In a quest for off the beaten path travel experiences, finding the perfect balance between fun and safety isn’t always easy.

Resources >> Common Infectious Travel Diseases…and How to Avoid Them

Common Infectious Travel Diseases…and How to Avoid Them

8/2/2017

In a quest for off the beaten path travel experiences, finding the perfect balance between fun and safety isn’t always easy. You don’t want to miss out on exotic foods, beverages and activities when you travel to faraway lands, but take the wrong risks and you could end up with some unhealthy surprises. We’ve put together a list of common infectious travel diseases, and more importantly, what you can do to minimize your risk of getting them.


Malaria

What is it? Malaria is a serious disease caused by a parasite that infects a certain type of mosquito. The infected mosquitoes then feed on humans, transmitting the disease. According to the CDC, millions of U.S. residents visit countries where Malaria is present every year and about 1,500 cases of Malaria are diagnosed in the U.S. annually, mostly in returned travelers.

Where is it? Travelers to Sub-Saharan Africa and South Asia have the greatest risk of getting Malaria, but anyone traveling to a country where Malaria is present is at risk. Check out the CDC’s Malaria Information by Country Table for detailed information about the specific parts of countries where Malaria transmission does or does not occur.

How to prevent it: To lower your risk of getting Malaria, you need to take an antimalarial drug before leaving for your trip. Visit your travel medicine specialist or physician at least 4–6 weeks before travel for a prescription for an antimalarial drug based on your travel itinerary and medical history.


Dengue Fever

What is it? Dengue is transmitted between people by the mosquitoes Aedes aegypti and Aedes albopictus, which are found throughout the world. The CDC estimates there are more than 100 million cases of Dengue worldwide each year.

Where is it? Although Dengue rarely occurs in the continental United States, it is endemic in Puerto Rico and in many destinations in Latin America and Southeast Asia; periodic outbreaks also occur in Samoa and Guam. You can view the CDC’s Interactive Map of Global Dengue Activity here.

How to prevent it: There is no vaccine available against Dengue, and there are no specific medications to treat a Dengue infection. The only way to prevent Dengue is to avoid mosquito bites if you’re traveling to an epidemic area.

Wearing repellant that contains DEET (30%-50%), Picaridin (up to 15%), oil of lemon, eucalyptus/PMD or IR3535 is a good precautionary measure. Make sure to apply repellant after applying your sunscreen. For those traveling with small children–the American Academy of Pediatrics approves the use of repellents with up to 30% DEET on children over two months old. For children less than two months old, consider using a carrier draped with mosquito netting with an elastic edge for a tight fit.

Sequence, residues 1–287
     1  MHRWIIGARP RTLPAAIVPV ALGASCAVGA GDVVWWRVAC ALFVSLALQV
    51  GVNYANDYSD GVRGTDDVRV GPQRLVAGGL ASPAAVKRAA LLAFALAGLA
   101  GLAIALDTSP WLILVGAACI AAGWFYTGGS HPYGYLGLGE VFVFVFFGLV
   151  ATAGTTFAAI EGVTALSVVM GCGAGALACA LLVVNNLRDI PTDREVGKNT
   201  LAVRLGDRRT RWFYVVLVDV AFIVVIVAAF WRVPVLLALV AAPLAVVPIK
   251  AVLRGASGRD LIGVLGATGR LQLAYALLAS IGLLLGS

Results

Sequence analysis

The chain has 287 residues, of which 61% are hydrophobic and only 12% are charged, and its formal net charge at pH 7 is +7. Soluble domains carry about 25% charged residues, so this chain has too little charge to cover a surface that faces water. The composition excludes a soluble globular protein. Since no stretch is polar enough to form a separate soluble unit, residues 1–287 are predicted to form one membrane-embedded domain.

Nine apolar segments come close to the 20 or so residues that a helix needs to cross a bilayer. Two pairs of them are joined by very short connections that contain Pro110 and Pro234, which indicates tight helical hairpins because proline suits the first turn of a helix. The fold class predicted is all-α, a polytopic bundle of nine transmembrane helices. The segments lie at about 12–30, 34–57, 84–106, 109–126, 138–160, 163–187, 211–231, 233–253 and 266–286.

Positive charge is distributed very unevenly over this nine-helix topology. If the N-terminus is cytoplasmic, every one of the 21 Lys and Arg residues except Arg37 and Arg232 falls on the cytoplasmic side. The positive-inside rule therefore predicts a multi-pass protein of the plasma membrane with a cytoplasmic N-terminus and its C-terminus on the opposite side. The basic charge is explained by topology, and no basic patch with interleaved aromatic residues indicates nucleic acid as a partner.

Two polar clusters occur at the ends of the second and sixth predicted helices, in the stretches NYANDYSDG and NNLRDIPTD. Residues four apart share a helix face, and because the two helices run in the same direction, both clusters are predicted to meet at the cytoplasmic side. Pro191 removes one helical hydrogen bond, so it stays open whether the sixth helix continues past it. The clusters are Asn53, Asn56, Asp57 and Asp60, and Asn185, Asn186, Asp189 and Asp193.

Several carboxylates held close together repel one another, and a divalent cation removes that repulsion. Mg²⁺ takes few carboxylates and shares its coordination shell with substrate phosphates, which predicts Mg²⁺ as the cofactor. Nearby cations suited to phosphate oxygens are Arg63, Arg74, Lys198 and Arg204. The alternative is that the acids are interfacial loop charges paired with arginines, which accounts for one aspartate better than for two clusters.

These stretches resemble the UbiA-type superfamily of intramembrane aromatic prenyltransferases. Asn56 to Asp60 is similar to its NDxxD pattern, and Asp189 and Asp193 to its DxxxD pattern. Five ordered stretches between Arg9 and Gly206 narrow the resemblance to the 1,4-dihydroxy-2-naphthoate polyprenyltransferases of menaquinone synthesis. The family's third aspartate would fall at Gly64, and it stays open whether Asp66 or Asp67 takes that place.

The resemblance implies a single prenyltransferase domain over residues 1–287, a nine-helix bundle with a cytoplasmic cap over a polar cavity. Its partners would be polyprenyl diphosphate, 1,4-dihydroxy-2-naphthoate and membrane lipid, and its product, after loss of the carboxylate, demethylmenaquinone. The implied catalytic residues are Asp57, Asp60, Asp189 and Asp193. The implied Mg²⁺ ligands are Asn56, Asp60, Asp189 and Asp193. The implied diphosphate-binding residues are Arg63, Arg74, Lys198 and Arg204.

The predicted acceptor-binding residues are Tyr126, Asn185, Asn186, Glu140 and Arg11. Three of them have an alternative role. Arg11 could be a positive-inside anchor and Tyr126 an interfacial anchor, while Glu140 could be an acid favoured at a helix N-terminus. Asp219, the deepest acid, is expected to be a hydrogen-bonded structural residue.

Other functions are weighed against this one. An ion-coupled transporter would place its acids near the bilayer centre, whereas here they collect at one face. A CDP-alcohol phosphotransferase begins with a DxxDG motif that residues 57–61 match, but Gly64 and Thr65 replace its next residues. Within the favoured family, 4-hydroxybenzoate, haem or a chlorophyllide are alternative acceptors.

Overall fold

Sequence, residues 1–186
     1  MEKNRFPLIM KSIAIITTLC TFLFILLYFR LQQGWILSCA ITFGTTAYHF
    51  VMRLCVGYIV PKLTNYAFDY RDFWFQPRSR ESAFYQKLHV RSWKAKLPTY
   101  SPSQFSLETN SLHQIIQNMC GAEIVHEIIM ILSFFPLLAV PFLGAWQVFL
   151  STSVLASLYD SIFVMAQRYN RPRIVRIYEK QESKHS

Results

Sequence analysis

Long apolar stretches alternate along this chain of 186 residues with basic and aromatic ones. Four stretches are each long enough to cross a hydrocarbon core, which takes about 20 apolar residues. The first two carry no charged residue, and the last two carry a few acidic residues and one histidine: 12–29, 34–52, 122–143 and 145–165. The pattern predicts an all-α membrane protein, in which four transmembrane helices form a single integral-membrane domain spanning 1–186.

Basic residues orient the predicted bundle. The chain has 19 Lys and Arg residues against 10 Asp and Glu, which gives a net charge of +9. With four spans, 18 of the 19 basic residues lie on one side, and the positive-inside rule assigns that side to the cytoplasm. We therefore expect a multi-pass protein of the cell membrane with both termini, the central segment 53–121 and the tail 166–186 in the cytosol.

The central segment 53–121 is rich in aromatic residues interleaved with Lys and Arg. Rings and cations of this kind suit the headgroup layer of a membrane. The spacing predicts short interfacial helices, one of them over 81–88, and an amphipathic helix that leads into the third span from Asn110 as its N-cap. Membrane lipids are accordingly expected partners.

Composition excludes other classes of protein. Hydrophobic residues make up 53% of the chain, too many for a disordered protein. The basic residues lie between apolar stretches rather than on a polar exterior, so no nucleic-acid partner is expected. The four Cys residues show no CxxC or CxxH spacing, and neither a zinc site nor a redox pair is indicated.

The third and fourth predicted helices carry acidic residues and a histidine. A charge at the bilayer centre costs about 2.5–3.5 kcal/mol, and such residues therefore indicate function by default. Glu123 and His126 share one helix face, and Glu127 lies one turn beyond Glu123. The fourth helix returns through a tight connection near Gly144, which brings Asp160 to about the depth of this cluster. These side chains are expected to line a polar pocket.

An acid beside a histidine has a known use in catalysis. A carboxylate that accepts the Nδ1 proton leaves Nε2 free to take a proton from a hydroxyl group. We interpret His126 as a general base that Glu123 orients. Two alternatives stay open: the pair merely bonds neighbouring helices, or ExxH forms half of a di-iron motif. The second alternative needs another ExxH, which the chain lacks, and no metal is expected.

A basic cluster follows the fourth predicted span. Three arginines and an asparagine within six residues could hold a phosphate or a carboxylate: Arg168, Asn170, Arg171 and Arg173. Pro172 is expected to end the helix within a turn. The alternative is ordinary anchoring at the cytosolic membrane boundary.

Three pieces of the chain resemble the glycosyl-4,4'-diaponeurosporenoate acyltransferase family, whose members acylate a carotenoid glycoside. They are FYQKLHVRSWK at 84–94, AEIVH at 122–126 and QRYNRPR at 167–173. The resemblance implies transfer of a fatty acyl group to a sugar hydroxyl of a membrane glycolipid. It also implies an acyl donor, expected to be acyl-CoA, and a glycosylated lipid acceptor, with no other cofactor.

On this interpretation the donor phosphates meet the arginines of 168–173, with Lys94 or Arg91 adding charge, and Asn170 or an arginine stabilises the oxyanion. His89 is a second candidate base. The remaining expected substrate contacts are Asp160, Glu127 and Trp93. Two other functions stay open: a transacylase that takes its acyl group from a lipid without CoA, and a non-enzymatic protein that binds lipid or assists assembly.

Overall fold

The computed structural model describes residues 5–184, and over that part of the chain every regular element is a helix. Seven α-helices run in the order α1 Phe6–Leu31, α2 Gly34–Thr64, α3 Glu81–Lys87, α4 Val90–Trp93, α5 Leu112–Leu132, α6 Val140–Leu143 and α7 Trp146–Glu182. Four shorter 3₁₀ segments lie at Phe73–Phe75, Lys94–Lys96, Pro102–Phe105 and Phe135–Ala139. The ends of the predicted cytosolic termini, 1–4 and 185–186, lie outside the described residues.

Hepatitis A

What is it?

Hepatitis A is a liver disease spread by contaminated food and water. It can also be spread from the hands of a person infected with Hepatitis A.

Where is it? Travelers going to rural areas in developing countries have a higher risk of getting Hepatitis A than other travelers. These areas include all parts of the world except the United States, Canada, Western Europe and Scandinavia, Japan, New Zealand, and Australia.

How to prevent it: The number one way to prevent Hepatitis A is to receive a vaccine from your doctor or travel medicine specialist before you leave for your trip. Also, follow these basic rules of consuming clean food and water.


Hepatitis B

What is it? Hepatitis B is a contagious virus that is transmitted through blood, blood products, and other bodily fluids. Travelers could become infected if they have sex with an infected person, receive a transfusion of unscreened blood, have medical or dental procedures, get tattoos or piercings or receive acupuncture with needles that are not sterile.

Where is it? Hepatitis B is most common in some countries in Asia, Africa, South America and the Caribbean. However, it occurs in nearly every part of the world.

How to prevent it: Just like Hepatitis A, the number one way to prevent Hepatitis B is through vaccination. There are also additional lifestyle-related measures you can take to help avoid the disease too.

And don’t forget: When traveling to exotic places, proper medical care may not be right around the corner. That’s why it’s so important to further protect yourself with a travel assistance plan. Good Sam TravelAssist members can rest assured that no matter where you are traveling, we can help get you to appropriate medical care whenever and wherever you need it.




Safe Travels!